As the impacts of the ongoing federal government shutdown continue to ripple across the nation, the Theodore Roosevelt Conservation Partnership is urging congressional lawmakers to quickly resolve the crisis for the sake of conservation, sportsmen and America’s all-important outdoors-based economy.

“The government shutdown is bad news for everyone, including Americans everywhere who value clean air and water, access to public lands and wildlife habitat restoration,” said TRCP President and CEO Whit Fosburgh. “In the name of conservation, our outdoor traditions and our economic well being, we urge Congress to unite in quickly resolving this crisis.”

Fosburgh noted that the shutdown will curtail vital conservation efforts taking place nationwide and effectively halt all legislative action, including action related to conservation funding. He affirmed that the TRCP will continue to advocate for the strongest funding levels for conservation through every means possible.

Impacts of the federal closures radiate far beyond the nation’s capital. Millions of sportsmen rely on publicly accessible lands such as national wildlife refuges to get afield or on the water. Hunting, within specified limits, is permitted on more than 329 wildlife refuges. Fishing is permitted on more than 271 wildlife refuges. All are closed under the shutdown. With hunting seasons beginning to crescendo across the country, the impact of these closures will have a major effect, not just on hunters, but on the communities that depend on dollars spent by sportsmen and other outdoor enthusiasts.

“According to the U.S. Fish and Wildlife Service, more than 90 million Americans pursued wildlife-related recreation in 2011, spending more than $144 billion,” stated Fosburgh. “Given the substantial economic contributions made by sportsmen to our outdoor-recreation-driven economy – and given the shutdown’s timing, which coincides precisely as hunting seasons are getting under way – the impact will assuredly be substantial.”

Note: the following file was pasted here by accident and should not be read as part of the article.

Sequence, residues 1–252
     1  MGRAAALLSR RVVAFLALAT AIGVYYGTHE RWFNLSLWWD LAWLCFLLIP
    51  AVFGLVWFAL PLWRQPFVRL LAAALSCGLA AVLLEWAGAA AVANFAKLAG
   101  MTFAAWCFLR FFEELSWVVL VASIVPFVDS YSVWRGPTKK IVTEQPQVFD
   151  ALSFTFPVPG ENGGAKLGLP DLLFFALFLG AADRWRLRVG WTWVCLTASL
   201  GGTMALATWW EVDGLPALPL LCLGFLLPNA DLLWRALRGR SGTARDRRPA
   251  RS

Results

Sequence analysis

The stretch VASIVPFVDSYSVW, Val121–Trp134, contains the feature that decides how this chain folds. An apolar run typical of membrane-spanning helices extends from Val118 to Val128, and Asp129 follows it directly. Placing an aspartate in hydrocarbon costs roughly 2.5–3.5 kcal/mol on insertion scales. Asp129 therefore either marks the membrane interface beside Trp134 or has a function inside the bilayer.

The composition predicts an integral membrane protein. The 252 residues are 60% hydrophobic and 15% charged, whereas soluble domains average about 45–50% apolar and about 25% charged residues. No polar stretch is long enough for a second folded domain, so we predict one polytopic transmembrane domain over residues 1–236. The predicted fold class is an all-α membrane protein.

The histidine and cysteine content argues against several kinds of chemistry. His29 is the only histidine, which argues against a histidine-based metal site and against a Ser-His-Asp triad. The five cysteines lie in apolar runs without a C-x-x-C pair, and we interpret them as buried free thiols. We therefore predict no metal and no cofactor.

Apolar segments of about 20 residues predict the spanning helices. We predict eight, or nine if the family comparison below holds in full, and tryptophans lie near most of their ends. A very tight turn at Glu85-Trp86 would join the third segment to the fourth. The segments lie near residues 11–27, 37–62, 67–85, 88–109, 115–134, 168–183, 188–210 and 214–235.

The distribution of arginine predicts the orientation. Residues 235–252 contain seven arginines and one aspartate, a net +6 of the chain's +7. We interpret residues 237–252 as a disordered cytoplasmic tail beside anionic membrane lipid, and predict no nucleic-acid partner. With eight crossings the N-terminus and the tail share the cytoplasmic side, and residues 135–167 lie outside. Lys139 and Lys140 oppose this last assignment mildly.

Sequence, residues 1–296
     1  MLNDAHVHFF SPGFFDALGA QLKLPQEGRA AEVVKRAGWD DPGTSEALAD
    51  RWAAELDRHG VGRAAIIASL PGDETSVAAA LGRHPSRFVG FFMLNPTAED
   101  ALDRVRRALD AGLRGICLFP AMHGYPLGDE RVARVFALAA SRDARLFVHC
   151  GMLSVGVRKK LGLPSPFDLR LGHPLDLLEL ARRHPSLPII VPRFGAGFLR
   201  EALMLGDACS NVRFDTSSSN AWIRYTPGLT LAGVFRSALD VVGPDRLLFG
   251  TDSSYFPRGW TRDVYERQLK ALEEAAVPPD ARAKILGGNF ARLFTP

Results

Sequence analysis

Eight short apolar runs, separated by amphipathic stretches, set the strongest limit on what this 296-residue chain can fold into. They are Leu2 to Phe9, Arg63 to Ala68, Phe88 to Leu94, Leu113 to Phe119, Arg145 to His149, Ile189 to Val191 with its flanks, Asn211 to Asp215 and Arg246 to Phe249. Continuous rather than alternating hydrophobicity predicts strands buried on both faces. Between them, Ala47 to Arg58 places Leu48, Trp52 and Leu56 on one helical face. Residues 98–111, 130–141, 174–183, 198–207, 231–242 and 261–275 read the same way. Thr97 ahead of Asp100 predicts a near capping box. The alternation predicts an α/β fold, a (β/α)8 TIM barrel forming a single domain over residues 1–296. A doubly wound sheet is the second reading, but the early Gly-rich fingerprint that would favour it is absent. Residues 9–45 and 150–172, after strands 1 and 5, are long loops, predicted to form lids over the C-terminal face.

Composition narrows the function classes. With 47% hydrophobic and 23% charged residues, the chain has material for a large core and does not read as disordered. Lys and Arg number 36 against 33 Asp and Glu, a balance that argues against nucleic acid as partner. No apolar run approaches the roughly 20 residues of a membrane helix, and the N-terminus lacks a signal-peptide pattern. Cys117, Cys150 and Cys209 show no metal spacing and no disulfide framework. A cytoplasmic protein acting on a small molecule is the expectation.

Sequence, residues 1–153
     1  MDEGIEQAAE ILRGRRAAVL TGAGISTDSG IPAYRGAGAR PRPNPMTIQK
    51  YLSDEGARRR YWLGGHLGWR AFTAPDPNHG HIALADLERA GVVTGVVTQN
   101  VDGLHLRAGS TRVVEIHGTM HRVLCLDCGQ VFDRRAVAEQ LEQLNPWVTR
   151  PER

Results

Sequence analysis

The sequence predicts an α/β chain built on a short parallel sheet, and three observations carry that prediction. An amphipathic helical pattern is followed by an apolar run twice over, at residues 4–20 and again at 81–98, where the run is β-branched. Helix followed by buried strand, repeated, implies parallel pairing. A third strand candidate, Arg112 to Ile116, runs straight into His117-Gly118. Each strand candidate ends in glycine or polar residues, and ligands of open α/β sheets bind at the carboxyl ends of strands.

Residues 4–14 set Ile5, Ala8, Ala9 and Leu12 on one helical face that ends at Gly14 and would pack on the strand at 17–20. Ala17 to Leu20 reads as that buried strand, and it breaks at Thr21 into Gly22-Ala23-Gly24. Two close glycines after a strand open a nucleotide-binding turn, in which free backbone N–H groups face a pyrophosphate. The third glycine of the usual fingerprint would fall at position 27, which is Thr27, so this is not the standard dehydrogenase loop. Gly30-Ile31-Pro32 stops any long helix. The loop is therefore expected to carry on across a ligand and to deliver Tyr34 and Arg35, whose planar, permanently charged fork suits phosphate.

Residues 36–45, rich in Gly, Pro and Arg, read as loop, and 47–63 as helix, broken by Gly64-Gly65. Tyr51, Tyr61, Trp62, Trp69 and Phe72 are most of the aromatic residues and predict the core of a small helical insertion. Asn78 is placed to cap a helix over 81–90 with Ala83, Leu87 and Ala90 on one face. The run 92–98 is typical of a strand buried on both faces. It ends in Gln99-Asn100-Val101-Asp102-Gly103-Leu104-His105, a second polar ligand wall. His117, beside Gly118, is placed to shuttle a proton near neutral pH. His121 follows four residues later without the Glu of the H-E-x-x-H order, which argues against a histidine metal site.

The sportsmen’s group also criticized the “piecemeal approach” that some House members are taking by advancing small, stopgap spending bills that would reopen only certain parts of the federal government such as national parks. Last night the House voted down three such bills, one of which would have funded the National Park Service.

“We strongly oppose the effort under way in the House to open only certain sections of the government, such as a bill proposed that would reopen national parks but keep national wildlife refuges closed,” said Fosburgh. “Conservation in this country is overseen by numerous agencies – including the Department of Commerce, BLM, the Forest Service and USDA. Cherry-picking among agencies ignores the broader problem of how this shutdown is negatively impacting sportsmen across the country.

“In an attempt to minimize spending, Congress has hamstrung a sector of our economy that consistently produces significant returns, year in and year out,” Fosburgh concluded. “We look now to our elected officials to take decisive action in rectifying this situation in the interest of sportsmen – as well as all Americans.”

Logo courtesy Theodore Roosevelt Conservation Partnership

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